Q&A With Claire Cook

New Information about Upcoming Book Related News

Q&A With Claire Cook 

Claire Cook is the New York Times, International & USA Today Bestselling author of over twenty-three novels.  Many of her novels are a part of the Must Love Dogs series and The Wildwater Walking Club series. Life Glows On, Shine On and Never Too Late are standalone nonfiction books. You can read excerpts of them all at On top of being an author she started her own publishing company Marshbury Beach Books & she’s a public speaker. 


Q: So Claire I read online that you wrote your first novel Ready To Fall in your minivan outside of your daughters swim practice. Would you say it’s fair that, that was when you knew being an author was your calling? 

A: Not at all! I’ve known I was a writer since I was three. I was published for the first time in the local newspaper at six and had front-page stories in high school, majored in film and creative writing in college. And then I started listening to all the negativity about how hard it is to get published and I panicked and just never wrote that first book until I was in my forties. I tell the whole story and share tips for writing and publishing in my nonfiction book Never Too Late: Your Roadmap to Reinvention.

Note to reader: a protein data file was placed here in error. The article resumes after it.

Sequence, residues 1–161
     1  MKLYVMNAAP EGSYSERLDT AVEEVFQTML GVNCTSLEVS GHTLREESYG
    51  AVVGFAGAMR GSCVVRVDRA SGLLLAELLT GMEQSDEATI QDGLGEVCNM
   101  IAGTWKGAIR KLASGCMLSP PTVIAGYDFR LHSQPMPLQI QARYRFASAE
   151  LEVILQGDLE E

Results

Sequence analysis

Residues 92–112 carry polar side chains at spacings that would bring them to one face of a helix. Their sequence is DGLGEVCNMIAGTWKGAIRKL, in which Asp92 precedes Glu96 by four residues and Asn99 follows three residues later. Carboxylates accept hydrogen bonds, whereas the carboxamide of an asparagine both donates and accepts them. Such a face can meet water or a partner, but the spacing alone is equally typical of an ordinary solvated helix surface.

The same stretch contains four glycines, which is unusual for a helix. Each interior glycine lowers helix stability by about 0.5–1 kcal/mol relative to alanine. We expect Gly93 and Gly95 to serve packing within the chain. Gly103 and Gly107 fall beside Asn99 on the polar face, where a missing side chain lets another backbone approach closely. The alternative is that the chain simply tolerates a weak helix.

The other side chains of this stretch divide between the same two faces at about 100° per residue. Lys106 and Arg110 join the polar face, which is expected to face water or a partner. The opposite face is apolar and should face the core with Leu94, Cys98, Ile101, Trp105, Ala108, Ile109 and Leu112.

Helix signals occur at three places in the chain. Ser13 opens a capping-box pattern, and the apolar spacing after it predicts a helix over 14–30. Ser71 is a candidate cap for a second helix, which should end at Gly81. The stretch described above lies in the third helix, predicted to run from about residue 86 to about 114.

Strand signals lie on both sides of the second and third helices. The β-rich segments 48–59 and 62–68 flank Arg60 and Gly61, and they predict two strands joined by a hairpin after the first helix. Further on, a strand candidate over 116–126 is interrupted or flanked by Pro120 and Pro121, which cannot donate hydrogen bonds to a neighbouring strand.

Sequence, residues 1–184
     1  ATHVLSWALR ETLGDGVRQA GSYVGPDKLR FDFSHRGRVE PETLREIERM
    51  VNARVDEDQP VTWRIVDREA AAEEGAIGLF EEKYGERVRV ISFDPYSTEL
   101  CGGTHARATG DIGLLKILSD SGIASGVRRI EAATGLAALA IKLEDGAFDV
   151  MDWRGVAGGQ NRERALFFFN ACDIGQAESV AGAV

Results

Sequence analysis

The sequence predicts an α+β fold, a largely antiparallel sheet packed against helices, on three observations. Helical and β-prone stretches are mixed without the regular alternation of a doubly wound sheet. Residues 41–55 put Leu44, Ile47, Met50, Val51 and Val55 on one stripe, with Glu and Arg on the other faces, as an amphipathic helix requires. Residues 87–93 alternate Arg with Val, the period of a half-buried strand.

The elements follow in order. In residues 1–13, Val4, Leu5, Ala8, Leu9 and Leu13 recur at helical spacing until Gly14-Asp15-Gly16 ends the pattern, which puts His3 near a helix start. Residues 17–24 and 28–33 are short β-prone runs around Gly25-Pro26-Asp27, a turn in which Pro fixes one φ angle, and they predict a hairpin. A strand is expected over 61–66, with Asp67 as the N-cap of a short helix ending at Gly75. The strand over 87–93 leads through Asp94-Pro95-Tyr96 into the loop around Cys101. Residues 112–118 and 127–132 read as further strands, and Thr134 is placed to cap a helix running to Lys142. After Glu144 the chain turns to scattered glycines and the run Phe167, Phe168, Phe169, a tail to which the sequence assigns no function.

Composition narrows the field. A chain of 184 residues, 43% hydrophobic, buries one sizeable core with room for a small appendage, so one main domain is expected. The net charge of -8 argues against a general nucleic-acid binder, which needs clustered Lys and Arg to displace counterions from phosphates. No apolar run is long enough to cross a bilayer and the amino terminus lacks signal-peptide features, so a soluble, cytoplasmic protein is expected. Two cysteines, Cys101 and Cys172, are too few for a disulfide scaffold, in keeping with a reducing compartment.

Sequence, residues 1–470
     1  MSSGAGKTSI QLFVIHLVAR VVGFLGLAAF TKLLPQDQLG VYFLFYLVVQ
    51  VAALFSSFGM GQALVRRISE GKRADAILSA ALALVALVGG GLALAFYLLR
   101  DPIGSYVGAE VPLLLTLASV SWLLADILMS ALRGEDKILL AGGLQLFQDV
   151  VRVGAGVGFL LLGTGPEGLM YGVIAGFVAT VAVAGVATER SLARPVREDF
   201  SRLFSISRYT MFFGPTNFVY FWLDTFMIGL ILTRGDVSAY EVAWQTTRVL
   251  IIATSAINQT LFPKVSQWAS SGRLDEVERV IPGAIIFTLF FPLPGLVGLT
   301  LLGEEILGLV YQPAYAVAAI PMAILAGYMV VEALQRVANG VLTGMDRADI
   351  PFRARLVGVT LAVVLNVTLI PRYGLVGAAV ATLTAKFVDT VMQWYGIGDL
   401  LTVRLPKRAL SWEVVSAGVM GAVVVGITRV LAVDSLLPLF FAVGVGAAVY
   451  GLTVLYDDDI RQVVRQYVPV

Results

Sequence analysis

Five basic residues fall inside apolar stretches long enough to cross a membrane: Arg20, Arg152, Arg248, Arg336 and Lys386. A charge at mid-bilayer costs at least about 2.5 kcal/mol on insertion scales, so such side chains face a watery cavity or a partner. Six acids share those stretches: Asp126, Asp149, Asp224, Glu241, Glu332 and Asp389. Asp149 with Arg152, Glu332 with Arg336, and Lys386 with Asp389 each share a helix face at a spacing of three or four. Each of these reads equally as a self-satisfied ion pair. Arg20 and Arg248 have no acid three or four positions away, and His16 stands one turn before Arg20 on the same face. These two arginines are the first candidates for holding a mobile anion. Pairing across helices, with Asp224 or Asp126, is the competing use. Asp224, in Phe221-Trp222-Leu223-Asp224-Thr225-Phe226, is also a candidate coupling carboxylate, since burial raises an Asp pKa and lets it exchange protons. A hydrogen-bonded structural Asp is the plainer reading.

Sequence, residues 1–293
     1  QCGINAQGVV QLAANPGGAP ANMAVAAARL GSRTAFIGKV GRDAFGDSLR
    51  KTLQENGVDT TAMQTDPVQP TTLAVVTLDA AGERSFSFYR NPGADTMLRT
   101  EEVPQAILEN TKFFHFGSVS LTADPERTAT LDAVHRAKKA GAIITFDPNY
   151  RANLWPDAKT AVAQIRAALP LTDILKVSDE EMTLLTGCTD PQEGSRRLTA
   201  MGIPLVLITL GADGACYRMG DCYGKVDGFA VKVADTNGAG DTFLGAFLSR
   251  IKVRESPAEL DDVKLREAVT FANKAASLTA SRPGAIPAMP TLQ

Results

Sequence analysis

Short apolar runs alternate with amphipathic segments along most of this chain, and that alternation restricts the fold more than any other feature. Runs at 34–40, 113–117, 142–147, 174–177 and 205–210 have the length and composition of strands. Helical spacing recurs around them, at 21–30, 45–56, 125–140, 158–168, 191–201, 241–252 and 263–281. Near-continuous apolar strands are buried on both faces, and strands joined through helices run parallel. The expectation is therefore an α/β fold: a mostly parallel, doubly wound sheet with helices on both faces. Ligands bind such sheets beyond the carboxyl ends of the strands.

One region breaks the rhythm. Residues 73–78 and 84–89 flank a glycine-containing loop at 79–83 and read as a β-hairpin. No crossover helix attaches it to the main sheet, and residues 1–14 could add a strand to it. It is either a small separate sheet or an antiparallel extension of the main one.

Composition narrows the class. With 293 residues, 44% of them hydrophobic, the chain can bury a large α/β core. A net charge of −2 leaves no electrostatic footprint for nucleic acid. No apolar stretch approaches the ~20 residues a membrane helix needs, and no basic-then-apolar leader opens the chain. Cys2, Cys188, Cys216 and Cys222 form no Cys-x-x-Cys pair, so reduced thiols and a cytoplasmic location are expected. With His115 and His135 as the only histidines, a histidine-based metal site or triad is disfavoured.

Q: What was it like appearing at the Red Carpet of the film adaptation of your second novel Must Love Dogs with John Cusack and Diane Lane? Were you star struck? I still get star struck when authors and anyone in the publishing industry agrees to do these Q&A’s with me. 

A: Walking the red carpet was an absolute blast. I gave thirty-five red carpet interviews, including Extra and Access Hollywood! I enjoyed hanging out with all the actors during shooting, too, and they even gave me my own director’s chair and all signed it for me. They were really kind to me and I wasn’t star struck at all. I think the trick is to remember that people are just people and to be you!

Q: What’s your advice to anyone wanting to become an author?

A: Read everything you can get your hands on, because you can’t be a writer unless you’re an avid, joyful reader. Establish a daily writing practice. Do your research, because the more you know about the publishing world, the more it will help you. Don’t listen to the negativity. Do the work and just keep writing the books that only you can write.

Q: Is it fair to say that any of the characters and places in your novels are based off of real people and places? I love it when an author can create fictional worlds and people from real people and places. 

A: I think you have to love the places where you set your books, and you have to be able to relate to all of your characters in order to write them well. Some of that comes from writing what you know. But that’s just the jumping off point. There’s also this point that fiction takes on its own reality and you have to make sure you let that happen. So for me, it’s like I take everything I know and everything I imagine, and shake it all up together and pull it out in a new order.

Q: If you deal with writers block, what’s your advice to aspiring authors on how to deal with writers block?